Wildefire*** (Hampstead Theatre)

Posted: November 26, 2014 in Theatre

wildefireBoth houses at Hampstead are currently occupied by dramas about the Metropolitan Police. Downstairs, State Red examines the repercussions of institutionalised racism, but Roy Williams’ play shows us a multi-race force that treats women officers on an equal basis with men and, in so doing, he  wisely jettisons the themes of both racism and sexism so that he can focus singularly on the challenges of policing a modern urban community and the corrosive effects upon those charged with carrying out these duties. The play begins with a recitation of the Met’s original charter, making it immediately obvious how far things have moved from what now seems a very naive starting point. WPC Gail Wilde (Lorraine Stanley giving a real powerhouse performance) transfers from Horsham to a deprived London borough, believing that traditional policing methods will be the key to her making a difference in dealing with the area’s problems, chiefly gang crime and domestic violence. The play then charts her journey from wide-eyed optimism to drugged-up disillusionment and despair. This is strong stuff, served well by Williams’ unflinchingly realistic dialogue. However, problems arise when the writing and Maria Aberg’s production fail to match up. Essentially, this is an intimate work, charting one woman’s transformation, but Aberg chooses to enact it on an epic scale. Naomi Dawson’s set of elevated platforms and scaffolding does not seem to represent very much, whilst a couple of scenes with rampaging yobs are not enough to justify this theatre’s cavernous space being left wide open, thus detracting from the real drama and also playing havoc with the acoustics. Solid supporting performances help to drive what remains an interesting and important play, notwithstanding the flaws in the production.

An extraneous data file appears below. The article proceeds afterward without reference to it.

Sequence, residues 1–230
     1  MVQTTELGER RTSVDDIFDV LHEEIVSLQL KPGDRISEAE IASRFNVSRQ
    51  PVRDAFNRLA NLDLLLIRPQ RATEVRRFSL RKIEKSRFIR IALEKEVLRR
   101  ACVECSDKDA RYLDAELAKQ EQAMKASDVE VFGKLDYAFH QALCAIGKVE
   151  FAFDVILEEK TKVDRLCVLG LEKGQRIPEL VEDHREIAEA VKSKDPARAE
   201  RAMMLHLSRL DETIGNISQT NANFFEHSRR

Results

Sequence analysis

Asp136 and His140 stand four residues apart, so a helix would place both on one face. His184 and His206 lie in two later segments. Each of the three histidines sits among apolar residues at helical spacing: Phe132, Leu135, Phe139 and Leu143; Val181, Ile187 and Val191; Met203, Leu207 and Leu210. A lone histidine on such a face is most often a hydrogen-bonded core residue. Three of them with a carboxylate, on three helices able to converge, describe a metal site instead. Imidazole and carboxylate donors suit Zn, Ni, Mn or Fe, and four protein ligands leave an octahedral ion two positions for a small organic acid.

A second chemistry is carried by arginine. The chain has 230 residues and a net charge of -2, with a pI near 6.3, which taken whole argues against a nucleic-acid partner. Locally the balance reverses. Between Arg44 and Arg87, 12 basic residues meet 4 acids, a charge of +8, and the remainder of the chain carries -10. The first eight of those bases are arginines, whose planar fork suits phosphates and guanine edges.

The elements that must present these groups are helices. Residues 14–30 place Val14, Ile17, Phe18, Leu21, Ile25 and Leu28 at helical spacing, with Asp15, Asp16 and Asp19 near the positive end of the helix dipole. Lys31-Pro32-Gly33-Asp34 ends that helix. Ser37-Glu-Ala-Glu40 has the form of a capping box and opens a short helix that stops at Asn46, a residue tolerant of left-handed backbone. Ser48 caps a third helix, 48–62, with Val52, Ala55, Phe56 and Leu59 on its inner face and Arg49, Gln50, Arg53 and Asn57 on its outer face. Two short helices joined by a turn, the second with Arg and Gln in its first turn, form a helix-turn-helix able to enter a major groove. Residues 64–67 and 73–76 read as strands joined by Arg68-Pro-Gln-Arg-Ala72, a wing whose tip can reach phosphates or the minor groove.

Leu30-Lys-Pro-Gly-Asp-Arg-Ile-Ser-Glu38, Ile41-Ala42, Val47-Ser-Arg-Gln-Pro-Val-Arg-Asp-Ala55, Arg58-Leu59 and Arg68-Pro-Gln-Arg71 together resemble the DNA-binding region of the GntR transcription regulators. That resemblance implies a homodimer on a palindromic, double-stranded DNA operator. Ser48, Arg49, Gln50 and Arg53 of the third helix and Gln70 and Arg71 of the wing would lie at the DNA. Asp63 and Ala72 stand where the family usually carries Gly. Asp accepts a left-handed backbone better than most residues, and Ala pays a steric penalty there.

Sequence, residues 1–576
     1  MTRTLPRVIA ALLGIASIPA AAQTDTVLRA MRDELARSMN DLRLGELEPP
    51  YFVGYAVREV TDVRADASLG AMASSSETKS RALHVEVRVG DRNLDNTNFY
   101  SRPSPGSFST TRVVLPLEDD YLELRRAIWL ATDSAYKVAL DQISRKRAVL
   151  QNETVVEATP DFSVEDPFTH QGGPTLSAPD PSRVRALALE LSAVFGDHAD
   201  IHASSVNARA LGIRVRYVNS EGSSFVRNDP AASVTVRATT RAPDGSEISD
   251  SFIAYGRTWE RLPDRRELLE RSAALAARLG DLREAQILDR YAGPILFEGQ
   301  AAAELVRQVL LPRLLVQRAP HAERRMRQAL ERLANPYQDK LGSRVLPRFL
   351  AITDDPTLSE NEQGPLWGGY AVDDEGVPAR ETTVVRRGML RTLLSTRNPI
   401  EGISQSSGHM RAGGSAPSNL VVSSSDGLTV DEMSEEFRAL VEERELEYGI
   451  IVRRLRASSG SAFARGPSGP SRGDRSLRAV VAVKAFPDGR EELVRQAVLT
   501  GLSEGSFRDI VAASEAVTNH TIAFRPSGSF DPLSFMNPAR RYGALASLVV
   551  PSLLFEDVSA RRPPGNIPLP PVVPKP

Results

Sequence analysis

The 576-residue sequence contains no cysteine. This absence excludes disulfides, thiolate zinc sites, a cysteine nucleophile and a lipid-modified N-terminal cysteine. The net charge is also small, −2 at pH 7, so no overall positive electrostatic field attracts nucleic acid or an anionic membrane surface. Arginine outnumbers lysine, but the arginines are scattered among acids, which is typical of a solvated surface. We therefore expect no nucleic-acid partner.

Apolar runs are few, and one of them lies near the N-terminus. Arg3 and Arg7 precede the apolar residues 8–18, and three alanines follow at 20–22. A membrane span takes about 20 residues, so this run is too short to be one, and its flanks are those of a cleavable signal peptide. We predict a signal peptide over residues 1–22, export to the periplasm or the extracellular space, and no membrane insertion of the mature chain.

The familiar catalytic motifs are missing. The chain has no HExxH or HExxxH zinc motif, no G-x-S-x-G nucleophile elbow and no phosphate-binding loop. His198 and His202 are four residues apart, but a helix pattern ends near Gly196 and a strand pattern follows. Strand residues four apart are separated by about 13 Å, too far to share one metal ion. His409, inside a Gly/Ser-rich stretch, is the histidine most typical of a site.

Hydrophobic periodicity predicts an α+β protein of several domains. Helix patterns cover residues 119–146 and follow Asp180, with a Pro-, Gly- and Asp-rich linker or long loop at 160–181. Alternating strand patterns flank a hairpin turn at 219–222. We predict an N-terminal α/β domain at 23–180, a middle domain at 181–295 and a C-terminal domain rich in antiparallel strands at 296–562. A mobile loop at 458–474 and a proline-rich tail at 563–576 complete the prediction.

Performance date: 26 November 2014

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